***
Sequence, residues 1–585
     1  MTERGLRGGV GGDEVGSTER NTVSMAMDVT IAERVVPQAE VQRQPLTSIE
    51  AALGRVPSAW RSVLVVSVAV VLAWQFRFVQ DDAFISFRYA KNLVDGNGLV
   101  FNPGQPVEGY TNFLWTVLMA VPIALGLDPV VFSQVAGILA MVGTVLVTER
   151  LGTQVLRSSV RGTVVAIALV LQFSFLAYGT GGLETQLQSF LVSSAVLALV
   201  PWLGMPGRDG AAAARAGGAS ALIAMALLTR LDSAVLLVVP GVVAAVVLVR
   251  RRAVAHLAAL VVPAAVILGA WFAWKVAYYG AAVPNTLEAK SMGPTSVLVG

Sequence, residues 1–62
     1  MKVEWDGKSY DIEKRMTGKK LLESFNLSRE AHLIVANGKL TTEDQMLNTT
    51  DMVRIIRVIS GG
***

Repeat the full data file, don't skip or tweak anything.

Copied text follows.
Sequence, residues 1–585
     1  MTERGLRGGV GGDEVGSTER NTVSMAMDVT IAERVVPQAE VQRQPLTSIE
    51  AALGRVPSAW RSVLVVSVAV VLAWQFRFVQ DDAFISFRYA KNLVDGNGLV
   101  FNPGQPVEGY TNFLWTVLMA VPIALGLDPV VFSQVAGILA MVGTVLVTER
   151  LGTQVLRSSV RGTVVAIALV LQFSFLAYGT GGLETQLQSF LVSSAVLALV
   201  PWLGMPGRDG AAAARAGGAS ALIAMALLTR LDSAVLLVVP GVVAAVVLVR
   251  RRAVAHLAAL VVPAAVILGA WFAWKVAYYG AAVPNTLEAK SMGPTSVLVG

Sequence, residues 1–62
     1  MKVEWDGKSY DIEKRMTGKK LLESFNLSRE AHLIVANGKL TTEDQMLNTT
    51  DMVRIIRVIS GG